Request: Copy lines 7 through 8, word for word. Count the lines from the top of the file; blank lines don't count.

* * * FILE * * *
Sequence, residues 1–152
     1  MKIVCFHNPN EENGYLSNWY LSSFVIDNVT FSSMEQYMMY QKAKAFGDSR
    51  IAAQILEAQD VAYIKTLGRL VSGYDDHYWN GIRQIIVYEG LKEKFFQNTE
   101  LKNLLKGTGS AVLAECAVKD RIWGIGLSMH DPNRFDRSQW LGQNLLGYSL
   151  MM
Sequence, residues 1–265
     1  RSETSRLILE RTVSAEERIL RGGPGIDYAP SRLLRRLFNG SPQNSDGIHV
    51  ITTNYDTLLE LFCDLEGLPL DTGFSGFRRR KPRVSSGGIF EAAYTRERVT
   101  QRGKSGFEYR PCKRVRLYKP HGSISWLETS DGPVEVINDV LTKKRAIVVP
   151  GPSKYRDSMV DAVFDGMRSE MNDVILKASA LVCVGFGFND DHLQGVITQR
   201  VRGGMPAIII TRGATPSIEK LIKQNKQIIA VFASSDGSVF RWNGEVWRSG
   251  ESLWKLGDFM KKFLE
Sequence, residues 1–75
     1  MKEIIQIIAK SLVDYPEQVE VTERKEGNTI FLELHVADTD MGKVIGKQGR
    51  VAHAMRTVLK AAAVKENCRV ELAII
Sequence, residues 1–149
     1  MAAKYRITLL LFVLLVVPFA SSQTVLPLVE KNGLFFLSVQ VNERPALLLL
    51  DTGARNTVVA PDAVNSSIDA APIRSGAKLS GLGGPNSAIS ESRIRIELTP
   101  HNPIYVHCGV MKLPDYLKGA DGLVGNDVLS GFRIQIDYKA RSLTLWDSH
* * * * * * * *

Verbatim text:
     1  RSETSRLILE RTVSAEERIL RGGPGIDYAP SRLLRRLFNG SPQNSDGIHV
    51  ITTNYDTLLE LFCDLEGLPL DTGFSGFRRR KPRVSSGGIF EAAYTRERVT